Why can't Marylanders drive in the snow?
It seems that either people suffer panic attacks at the first sign of snow and ice, or they are so utterly oblivious to the peril that they invite a collision.
Let's face it. As a group, we're snow-impaired.
"It amazes me to watch people on the Beltway drive in the snow or rain," said Officer Charles W. Beeler of the Baltimore County Police Department's traffic unit. "They have no concept of what they're doing."
Saturday night's traffic debacles did little to offset that reputation. Starting about 9 p.m., freezing rain and snow turned parts of the state slicker than a tree frog in a tub of 10W-40.
During this veritable Nightmare After Christmas, there were multiple car accidents, stranded vehicles, bumper-to-bumper traffic, and untold numbers of minor mishaps. All that from just an inch or two of snow.
"Sometimes it's really sad to see a nice car all mangled up," said Bud Monroe, owner of Brooklyn Service Center, which dispatched six tow trucks during the storm. "The roads became so slippery so fast, people didn't seem to know it was coming."
Traffic experts say the real tragedy is that the majority of the weekend's accidents could have been avoided. Sure, the weather was bad, they said, but if motorists had followed some common sense advice, they might have avoided problems.
First and foremost is to just pay attention to driving conditions.
Got that? Pay attention to driving conditions.
That means slowing down when there is snow and ice on the ground, go easy on braking and accelerating. Give yourself enough stopping distance so that if you begin the slide, you have enough room to regain control of your car.
"Speed limits are designed as a maximum speed in ideal conditions," said Sgt. Glenn A. Hansen, supervisor of traffic enforcement for the Howard County Police Department. "People panic and lock their brakes and slide. To compensate for that, they should allow more stopping distance between themselves and other cars."
Sergeant Hansen said many of the best driving tips for inclement weather are often just a matter of common sense. Drivers need to anticipate how conditions vary, how overpasses freeze before roads, for instance.
"Because the road you're driving isn't icy now doesn't mean you might not find an area where it is," he said.
The fact that Maryland gets less wintry weather than northern states may be one reason it seems more dangerous to drive here, experts speculate. Driving in snow remains a novel experience.
Only two pages in the 84-page Maryland Drivers Handbook are devoted to winter driving.
This lack of experience typically shows up in skid reaction, said Alvin M. Marquess, the State Highway Administration's chief of statewide traffic operations. When skidding, motorists should do two things that seem unnatural to the novice: Take the foot off the brake and steer into the skid.
"That sounds funny when you read it on paper," said Mr. Marquess. "Sometimes, you need to do the opposite of what common sense might be telling you."
Overly aggressive drivers remain the terror of winter traffic. If someone is tailgating, it's best to get out of the way or even pull over to let the offending driver pass. Better to be delayed than risk the accident.
Alan L. Price, a State Highway Administration snowplow supervisor, said he watched a four-wheel drive truck pass his snowplow on the shoulder during a storm. A few miles later, he found the truck overturned along the road.
"I've watched people cut in between snowplows to get by," said Mr. Price. "I guess people are just in a hurry."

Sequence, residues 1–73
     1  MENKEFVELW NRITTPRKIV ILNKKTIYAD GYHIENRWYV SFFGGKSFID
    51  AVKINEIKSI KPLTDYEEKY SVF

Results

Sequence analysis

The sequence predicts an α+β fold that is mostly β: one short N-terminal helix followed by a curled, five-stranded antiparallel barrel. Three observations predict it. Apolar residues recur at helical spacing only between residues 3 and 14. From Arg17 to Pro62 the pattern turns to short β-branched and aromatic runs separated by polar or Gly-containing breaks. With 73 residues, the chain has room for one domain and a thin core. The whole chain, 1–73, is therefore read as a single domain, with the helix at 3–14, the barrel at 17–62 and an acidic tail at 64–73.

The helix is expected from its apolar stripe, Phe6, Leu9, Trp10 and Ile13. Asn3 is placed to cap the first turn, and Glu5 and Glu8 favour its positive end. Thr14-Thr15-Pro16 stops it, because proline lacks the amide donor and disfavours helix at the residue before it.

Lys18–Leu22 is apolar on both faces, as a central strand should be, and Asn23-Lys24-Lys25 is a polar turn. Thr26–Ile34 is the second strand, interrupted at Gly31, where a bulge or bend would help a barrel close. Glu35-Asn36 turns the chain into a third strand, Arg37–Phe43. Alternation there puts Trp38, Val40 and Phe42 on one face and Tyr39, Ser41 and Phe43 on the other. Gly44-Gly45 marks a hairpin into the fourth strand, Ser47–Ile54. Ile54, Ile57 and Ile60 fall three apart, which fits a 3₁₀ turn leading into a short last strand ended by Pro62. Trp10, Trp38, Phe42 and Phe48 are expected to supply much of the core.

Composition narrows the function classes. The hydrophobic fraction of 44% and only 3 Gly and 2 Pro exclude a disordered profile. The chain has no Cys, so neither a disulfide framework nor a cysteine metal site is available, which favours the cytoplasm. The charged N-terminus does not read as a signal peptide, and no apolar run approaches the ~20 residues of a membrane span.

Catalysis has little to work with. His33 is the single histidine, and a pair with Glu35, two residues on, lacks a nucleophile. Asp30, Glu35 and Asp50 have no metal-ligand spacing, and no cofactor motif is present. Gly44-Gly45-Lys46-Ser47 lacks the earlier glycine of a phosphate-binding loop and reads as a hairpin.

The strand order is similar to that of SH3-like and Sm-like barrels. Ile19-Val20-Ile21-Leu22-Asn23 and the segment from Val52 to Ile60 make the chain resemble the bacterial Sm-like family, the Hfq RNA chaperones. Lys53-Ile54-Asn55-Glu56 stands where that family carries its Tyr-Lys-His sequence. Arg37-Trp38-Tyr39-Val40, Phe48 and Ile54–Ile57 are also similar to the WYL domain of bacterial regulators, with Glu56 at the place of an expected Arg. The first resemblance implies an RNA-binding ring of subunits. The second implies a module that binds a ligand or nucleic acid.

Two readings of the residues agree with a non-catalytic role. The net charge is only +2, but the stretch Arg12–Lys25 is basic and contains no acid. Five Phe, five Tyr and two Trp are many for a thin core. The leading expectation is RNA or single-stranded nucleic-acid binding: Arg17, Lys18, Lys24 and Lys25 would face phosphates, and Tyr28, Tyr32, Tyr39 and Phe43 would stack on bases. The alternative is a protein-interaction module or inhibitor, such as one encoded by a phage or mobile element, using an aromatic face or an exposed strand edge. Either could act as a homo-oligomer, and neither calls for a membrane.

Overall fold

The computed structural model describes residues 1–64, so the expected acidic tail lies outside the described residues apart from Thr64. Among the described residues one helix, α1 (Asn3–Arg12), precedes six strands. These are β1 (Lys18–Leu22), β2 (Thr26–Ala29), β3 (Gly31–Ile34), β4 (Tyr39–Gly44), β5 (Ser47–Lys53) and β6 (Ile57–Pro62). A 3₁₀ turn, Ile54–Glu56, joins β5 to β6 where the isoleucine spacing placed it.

The American Automobile Association recommends that safe winter driving should start before winter even begins. Motorists should give their car a complete winter checkup with particular attention to the electrical system, the brakes, tires, exhaust, heating system, and windshield wipers.
Yesterday, the Maryland Division of AAA Mid-Atlantic was flooded with a record number of phone calls from motorists with disabled cars. A spokesman said the club received about 1,500 calls compared with the normal 800 to 900. Even during the peak of the blizzard last March, AAA received just 1,100 a day.
The sudden cold weather and the long holiday weekend apparently wreaked havoc on car batteries, a AAA spokesman said.
"People have plenty of advance warning, but they never seem to get their cars ready in time," said William F. Zorzi Sr. of AAA.
The best advice of all may be to stay home. Whether you have four-wheel drive or snow tires, it's hard to drive safely on ice, a point not lost on veterans of Saturday's storm.
10 TIPS ON WINTER DRIVING
* Don't drive at all. When a snow emergency is declared, staying off the road is the safest course of action.
* Check your car's vital features including tires, lights, defroster, battery and wipers. Clear all snow and ice from windows and mirrors. Keep a bag of sand or kitty litter in the trunk.
* Wear a seat belt and have passengers do the same.
* Start slow and drive that way. Begin braking long before you reach an intersection.
* Avoid sudden changes in speed or direction.
* If the car skids, don't panic and slam on the brakes. Take your foot off the gas pedal and steer in the direction of the skid. If the rear wheels are going to the right, turn the front wheels to the right.
* Keep a safe distance between yourself and others on the road. Focus your attention as far ahead as possible.
* Don't pump the brakes, especially if you have an anti-lock braking system. Gradual pressure on the brake is the best way to slow. Keep your heel on the floor so that your toes are controlling the pressure and not your thigh muscles.
* Watch out for the other guy. Just because the light turned green doesn't mean it's safe to proceed if cars going the opposite way can't stop.
* If you're forced to abandon your car, move it as far off the road as possible and lift the hood. A scarf hanging from the window or radio antenna can serve as a distress signal.